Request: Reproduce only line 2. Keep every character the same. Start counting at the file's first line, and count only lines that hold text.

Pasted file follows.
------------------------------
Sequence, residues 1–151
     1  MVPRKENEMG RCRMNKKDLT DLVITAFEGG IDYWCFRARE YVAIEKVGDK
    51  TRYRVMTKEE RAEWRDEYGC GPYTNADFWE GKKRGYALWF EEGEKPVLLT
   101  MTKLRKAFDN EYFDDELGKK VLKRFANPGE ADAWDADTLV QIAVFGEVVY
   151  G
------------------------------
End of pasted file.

     1  MVPRKENEMG RCRMNKKDLT DLVITAFEGG IDYWCFRARE YVAIEKVGDK